Red Tailed Angels
Last Sunday we attended a postal worker retiree luncheon in Kansas City, Kan. Since Ada is a retiree, I was allowed to tag along, and it was most interesting. Carriers were honored for their years of service and the length of time they had been retired. Some of them were in their 90s and still going strong.
One 92-year-old retiree, John Adams, was also a guest speaker and what an interesting life he has had. I managed to visit with him afterward and found he is also a portrait painter and went to the Art Institute close to the same time I did. But the main attraction was that he belonged to the Tuskegee Airmen. This was a popular name of a group of African-American pilots who flew with distinction during World War II as the 332nd Fighter Group of the U.S. Army Air Corps. He told us of his experiences at that time. They escorted B-17 bombers on their missions and the B-17 pilots were happy to have them.
The planes they flew first were Curtiss P-40 Warhawks fighter bomber aircraft. Briefly they were given the P-39 Airacobras, later they were given the P-47 Thunderbolt, and finally the fighter group acquired the aircraft which became most commonly used, the North American P-51 Mustang. Their pilots painted the tails red, and the B-17 pilots referred to them as their “Red Tailed Angels”.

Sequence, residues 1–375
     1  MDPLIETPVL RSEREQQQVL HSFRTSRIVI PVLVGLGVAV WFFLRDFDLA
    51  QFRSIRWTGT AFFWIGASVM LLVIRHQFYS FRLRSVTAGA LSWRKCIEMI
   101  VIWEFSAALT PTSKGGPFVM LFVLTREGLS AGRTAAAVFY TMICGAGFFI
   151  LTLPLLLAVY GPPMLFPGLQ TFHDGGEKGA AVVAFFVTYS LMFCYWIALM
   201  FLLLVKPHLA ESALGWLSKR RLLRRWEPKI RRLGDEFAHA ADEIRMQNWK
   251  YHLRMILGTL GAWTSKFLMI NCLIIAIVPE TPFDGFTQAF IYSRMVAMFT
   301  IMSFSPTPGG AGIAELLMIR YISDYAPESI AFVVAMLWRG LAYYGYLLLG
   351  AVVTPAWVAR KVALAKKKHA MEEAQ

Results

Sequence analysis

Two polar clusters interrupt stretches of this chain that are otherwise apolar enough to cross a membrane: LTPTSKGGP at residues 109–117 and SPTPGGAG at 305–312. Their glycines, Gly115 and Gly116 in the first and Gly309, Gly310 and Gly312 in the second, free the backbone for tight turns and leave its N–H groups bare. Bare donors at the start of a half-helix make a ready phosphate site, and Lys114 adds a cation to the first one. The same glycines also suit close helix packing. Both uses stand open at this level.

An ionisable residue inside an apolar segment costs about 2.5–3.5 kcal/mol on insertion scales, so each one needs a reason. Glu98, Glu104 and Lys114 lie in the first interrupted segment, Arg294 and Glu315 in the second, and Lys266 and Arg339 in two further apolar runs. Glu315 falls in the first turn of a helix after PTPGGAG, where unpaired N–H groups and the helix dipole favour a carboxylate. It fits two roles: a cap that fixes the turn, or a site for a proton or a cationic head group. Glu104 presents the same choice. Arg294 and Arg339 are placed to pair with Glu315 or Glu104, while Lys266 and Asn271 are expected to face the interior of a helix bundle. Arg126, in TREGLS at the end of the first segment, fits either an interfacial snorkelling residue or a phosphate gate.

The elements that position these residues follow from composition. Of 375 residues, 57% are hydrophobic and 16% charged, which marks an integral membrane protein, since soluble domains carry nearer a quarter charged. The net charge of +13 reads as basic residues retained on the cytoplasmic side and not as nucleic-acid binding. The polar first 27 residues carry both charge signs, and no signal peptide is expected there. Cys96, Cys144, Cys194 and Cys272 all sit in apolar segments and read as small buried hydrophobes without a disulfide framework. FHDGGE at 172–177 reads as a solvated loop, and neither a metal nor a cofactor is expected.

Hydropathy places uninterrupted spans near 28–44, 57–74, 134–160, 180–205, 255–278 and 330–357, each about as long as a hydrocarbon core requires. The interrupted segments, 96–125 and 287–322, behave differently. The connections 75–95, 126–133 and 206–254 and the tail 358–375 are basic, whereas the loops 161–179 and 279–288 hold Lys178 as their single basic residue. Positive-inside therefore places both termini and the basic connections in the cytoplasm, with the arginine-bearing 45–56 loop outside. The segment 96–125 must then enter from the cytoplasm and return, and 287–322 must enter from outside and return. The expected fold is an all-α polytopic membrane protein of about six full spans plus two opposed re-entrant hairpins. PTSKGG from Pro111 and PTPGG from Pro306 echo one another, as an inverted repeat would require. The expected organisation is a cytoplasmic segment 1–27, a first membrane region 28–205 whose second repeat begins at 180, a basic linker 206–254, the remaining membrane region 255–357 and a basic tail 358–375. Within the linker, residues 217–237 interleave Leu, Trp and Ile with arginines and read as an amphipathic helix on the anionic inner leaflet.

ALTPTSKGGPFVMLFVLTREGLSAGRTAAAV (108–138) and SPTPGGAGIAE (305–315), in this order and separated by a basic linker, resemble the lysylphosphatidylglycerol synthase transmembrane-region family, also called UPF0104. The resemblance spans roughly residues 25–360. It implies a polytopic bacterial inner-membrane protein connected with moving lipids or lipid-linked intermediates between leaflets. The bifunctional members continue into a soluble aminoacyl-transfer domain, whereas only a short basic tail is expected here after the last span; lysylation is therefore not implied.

The Tuskegee program officially began in June 1941 with the 99th Pursuit Squadron at the Tuskegee Institute in Alabama. This institute was founded by Booker T. Washington. The unit consisted of 47 officers and 429 enlisted men. President Franklin Roosevelt actually started this program and first lady Eleanor Roosevelt went to Alabama to inspect the unit. The instructor was Alfred “Chief” Anderson, who had been flying since 1929 and was the African-American chief civilian instructor. He took the first lady on a 30-minute ride in his Waco biplane. She cheerfully announced, “Well, you can fly all right.” She was instrumental, as a trustee of the Julius Rosenwald Fund, to arrange a loan of $175,000 to purchase the land for Moton Field for the purpose of training new pilots.
The Heart of America Chapter of the Tuskegee Airmen recently celebrated its 70th reunion in Overland Park. Seven of the original airmen lived in the Kansas City area. Here’s to the Red Tailed Angels.